Friends or roommates who are not in your classes might be too busy to hear your pitch — so why not take this opportunity to call a family member? That way you’ll keep in contact with grandma and let her know what you’re doing in school while preparing for your marine biology final at the same time. It’s a win-win situation for everyone.

    Commit to Healthy Amounts of Sleep

    Sleep is vital for your body to recuperate after a day of focused mental and physical activity. Sleep debt builds up after repeatedly losing as little as an hour of sleep every night for a prolonged period — and taking a long afternoon nap after a week of sleep deprivation isn’t going to eliminate the sleep debt you owe your body. Make a sincere effort to help your mind and body heal at night by getting enough sleep, especially during this time in the semester when you need your mind to function at its best and recall loads of important information. Try making a written commitment of when you’re going to sleep and awaken, keeping in mind how much rest your body needs. Place this goal somewhere you can see it. Studies have shown that we stay more consistent with our goals when they are written down, and even more so if we share the goal with someone else.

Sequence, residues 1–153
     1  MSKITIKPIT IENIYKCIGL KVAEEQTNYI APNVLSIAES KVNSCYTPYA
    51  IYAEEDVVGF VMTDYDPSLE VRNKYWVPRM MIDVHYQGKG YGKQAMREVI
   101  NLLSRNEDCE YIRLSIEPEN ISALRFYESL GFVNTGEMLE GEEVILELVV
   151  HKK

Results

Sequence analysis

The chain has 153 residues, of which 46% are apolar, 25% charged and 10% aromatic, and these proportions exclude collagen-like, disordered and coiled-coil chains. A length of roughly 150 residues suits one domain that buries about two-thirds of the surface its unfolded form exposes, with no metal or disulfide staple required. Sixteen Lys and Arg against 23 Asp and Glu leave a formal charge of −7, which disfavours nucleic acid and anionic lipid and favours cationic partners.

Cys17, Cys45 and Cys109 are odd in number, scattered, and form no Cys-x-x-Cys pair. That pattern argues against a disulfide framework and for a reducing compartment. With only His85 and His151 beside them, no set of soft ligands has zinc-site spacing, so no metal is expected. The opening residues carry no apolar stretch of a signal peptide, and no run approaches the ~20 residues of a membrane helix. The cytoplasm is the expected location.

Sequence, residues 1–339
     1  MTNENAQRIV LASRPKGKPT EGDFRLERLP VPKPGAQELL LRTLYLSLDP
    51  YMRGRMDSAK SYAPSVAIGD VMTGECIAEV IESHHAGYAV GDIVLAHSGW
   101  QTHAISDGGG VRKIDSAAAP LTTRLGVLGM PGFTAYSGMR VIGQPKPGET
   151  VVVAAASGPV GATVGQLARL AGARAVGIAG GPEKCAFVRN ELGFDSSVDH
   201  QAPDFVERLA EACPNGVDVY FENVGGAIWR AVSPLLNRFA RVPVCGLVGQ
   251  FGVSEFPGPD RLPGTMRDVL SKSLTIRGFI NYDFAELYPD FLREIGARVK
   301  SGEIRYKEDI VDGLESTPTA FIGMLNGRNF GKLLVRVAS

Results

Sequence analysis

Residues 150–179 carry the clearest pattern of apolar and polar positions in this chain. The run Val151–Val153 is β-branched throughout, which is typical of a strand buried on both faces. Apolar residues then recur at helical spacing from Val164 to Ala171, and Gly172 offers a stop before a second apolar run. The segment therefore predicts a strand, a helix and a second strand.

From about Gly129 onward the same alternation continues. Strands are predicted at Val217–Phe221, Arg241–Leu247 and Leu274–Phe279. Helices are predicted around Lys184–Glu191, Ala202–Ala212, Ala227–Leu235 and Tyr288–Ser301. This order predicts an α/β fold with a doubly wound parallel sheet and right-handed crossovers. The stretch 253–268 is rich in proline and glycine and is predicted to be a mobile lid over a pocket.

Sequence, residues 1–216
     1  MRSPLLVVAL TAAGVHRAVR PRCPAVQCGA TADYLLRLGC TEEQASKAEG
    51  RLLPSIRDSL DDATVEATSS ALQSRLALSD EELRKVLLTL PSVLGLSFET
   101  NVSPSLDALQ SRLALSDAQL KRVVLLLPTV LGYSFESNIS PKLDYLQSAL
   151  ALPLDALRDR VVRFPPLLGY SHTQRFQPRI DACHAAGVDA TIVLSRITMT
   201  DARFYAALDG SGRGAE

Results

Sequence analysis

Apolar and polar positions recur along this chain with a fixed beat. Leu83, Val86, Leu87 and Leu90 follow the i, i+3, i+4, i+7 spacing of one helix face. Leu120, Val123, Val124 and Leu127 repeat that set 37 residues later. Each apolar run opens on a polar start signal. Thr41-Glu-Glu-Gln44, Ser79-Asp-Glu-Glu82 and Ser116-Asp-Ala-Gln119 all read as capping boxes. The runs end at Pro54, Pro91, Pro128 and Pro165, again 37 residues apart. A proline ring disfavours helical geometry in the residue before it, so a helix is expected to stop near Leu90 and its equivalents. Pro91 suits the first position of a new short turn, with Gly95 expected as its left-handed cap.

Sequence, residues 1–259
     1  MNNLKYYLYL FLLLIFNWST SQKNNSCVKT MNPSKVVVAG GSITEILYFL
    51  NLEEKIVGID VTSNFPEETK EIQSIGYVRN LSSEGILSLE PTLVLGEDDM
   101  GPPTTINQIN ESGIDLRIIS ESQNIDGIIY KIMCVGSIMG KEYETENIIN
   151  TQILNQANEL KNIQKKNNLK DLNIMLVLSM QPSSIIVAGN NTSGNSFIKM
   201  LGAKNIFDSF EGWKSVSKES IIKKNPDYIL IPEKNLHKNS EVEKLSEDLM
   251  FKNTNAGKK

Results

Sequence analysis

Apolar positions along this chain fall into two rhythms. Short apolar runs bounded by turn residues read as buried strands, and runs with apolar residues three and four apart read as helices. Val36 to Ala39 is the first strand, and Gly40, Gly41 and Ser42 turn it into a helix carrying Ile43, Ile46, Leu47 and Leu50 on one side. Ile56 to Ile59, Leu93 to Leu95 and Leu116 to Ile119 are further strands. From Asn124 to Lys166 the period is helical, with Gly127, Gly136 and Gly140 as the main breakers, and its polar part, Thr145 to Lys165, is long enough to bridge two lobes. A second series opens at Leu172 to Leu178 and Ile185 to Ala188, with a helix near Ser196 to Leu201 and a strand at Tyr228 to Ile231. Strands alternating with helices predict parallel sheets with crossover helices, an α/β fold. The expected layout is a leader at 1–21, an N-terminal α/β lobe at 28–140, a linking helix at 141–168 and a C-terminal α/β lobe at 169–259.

Aside from sleeping at night, be aware of what is the best length of a nap to take. Many students will simply nap as long as their schedule will allow, but the truth is that certain nap lengths will make you feel groggier and less productive than if you had just stayed awake. If your focus is fading and you want to increase alertness, a short power nap of 10-20 minutes is best. To help your brain remember facts like names, dates, and places, a 60-minute nap is ideal. Finally, a 90-minute nap (a full REM cycle of sleep) is best for boosting procedural memory used for activities like playing a sport or instrument. Make sure you avoid napping for 30 minutes because this length will force you to wake up in the middle of deep sleep, resulting in extreme fatigue afterward. Also, remember not to nap less than three hours before you intend to sleep for the night, as napping too late can affect your ability to fall asleep for the night.

    Don’t Forget to Exercise